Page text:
a very, very powerful signal to people. I think there is an important
role that political parties can play. Anybody who is interested
in the democratic deficit or in the fact we have low voter turn-out
and not so much active participation in conventional politics
knows that by encouraging more people to play a role, both in
their communities and also to get involved in political parties,
you help to re-engage the electorate. That is an incredibly important
question and that is why I think the legislation so that political
parties are able to do itand it is totally up to them whether
they want to do itis so powerful.
403. Just a footnote to one of Annette's questions.
All governments love setting up quangos. It is bread and butter
to them. Every initiative has a quango attached to it. Is there
a mechanism inside government and maybe in the Cabinet Office
which tests this aspiration against the need to control?
(Mrs Roche) No but we could have another quango to
do that, Tony! To answer you seriously, I am not aware that there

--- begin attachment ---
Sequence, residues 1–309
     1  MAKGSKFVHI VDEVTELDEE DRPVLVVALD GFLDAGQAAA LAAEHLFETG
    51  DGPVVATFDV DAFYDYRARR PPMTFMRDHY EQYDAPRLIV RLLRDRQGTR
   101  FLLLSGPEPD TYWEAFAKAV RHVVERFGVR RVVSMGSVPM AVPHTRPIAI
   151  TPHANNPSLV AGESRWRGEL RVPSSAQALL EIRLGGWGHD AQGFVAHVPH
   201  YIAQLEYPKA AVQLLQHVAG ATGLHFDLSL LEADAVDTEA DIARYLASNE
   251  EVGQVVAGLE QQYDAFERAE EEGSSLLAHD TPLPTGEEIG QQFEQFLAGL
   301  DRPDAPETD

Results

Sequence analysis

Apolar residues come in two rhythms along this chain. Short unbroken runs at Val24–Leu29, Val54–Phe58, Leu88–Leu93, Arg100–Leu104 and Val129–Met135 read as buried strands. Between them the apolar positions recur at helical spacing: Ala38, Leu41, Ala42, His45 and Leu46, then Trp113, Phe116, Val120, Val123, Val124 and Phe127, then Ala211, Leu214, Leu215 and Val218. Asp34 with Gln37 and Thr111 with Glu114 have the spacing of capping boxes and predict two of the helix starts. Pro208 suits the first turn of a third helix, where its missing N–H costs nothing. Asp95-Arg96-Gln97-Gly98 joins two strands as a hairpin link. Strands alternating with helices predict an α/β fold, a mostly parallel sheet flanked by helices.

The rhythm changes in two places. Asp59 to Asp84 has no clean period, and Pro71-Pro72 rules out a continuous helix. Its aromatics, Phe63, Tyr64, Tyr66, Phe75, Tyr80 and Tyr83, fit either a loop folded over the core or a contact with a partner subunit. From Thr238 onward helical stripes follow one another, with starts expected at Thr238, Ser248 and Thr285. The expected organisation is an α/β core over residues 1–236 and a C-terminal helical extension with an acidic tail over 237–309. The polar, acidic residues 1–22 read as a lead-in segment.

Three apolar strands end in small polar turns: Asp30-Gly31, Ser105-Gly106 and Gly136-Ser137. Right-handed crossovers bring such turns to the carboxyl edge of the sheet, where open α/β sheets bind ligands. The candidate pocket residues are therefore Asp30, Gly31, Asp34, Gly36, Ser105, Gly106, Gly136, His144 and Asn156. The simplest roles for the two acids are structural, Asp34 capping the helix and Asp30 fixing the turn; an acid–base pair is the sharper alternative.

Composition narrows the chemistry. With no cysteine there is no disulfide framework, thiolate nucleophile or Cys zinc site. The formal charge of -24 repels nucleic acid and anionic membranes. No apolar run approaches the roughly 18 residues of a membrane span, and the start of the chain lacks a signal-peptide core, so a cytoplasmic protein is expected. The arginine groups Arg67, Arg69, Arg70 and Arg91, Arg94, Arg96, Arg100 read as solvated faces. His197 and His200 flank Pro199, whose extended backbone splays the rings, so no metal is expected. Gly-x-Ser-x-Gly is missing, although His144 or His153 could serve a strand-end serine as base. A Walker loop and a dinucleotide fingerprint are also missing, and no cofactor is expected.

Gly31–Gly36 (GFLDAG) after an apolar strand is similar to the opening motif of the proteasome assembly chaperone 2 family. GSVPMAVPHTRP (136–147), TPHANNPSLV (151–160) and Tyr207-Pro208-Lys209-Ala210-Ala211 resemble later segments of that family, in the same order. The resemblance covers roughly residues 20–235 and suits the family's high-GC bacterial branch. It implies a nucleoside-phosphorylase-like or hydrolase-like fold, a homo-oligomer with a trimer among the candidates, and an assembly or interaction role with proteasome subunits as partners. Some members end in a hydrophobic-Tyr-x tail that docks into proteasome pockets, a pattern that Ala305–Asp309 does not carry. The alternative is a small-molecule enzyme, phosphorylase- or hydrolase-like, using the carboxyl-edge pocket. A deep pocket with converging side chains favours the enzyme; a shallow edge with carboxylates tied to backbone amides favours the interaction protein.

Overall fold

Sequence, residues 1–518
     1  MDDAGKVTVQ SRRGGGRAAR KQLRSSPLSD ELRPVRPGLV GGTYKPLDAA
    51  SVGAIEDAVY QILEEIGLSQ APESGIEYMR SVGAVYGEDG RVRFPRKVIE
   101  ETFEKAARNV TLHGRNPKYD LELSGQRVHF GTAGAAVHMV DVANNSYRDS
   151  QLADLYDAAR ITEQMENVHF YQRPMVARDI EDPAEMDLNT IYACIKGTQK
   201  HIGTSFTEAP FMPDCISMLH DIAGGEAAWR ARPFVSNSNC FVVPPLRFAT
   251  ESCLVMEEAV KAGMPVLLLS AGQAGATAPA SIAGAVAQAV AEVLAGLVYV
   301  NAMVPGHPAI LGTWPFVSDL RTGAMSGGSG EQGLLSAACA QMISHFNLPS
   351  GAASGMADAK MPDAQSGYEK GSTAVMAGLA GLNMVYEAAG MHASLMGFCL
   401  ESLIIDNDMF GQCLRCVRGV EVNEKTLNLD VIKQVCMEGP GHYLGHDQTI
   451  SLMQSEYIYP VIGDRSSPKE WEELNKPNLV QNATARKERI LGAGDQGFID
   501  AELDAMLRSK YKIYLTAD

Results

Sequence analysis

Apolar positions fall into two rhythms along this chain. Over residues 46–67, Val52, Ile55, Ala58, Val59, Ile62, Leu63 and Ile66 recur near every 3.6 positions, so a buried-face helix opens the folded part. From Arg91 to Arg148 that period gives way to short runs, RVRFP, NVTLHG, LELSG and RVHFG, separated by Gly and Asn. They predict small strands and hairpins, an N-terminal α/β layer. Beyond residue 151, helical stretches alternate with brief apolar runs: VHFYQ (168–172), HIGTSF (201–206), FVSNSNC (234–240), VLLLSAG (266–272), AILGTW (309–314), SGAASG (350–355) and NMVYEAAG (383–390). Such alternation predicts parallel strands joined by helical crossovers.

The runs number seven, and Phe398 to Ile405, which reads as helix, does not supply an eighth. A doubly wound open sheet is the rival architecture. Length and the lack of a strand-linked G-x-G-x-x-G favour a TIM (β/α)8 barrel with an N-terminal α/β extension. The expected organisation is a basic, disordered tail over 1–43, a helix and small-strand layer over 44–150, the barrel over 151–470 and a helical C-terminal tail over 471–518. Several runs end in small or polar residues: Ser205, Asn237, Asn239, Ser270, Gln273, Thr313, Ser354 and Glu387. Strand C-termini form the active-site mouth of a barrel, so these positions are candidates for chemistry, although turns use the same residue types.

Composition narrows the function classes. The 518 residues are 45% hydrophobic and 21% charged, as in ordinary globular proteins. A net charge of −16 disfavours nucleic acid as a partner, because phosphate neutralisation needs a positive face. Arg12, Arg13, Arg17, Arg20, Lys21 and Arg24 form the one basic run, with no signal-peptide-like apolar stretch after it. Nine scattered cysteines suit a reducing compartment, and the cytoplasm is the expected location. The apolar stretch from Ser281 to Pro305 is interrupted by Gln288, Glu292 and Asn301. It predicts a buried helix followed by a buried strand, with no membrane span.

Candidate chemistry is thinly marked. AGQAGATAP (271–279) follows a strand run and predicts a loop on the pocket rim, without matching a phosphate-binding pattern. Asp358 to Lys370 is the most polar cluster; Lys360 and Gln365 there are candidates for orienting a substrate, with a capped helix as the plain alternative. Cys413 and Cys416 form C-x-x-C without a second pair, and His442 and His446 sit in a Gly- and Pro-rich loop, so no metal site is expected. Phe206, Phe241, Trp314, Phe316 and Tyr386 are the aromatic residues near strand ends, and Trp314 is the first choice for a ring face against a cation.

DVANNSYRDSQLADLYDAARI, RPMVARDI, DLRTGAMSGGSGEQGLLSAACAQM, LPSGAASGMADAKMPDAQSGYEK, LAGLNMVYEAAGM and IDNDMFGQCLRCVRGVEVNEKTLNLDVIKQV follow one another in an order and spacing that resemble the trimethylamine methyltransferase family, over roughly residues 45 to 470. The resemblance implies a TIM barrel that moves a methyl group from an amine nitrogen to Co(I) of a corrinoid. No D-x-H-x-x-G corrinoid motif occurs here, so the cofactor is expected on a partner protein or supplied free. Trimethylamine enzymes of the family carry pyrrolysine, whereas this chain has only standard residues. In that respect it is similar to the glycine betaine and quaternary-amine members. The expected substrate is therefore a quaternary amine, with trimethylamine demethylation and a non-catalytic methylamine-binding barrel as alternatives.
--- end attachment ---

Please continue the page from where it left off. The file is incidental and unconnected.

is. Chris may be able to tell me. On the other hand, remember
that if you do set up such a body given the rules that attest
to it, it has to fulfil certain criteria and there will be a cost
implications, so that I am sure that will excite the Treasury,
as an ex-Treasury Minister. And that is always a good check on
those things. There is no overwhelming desire to set up these
things because if you do set up a quango that comes with all the
rules that that implies. Chris?
(Mr Leslie) Obviously in the Cabinet Office we try
marginally to keep track as well as to oversee departmental wishes
to establish public bodies. We publish the annual inventory which
hopefully you have found weighing down your brief this morning,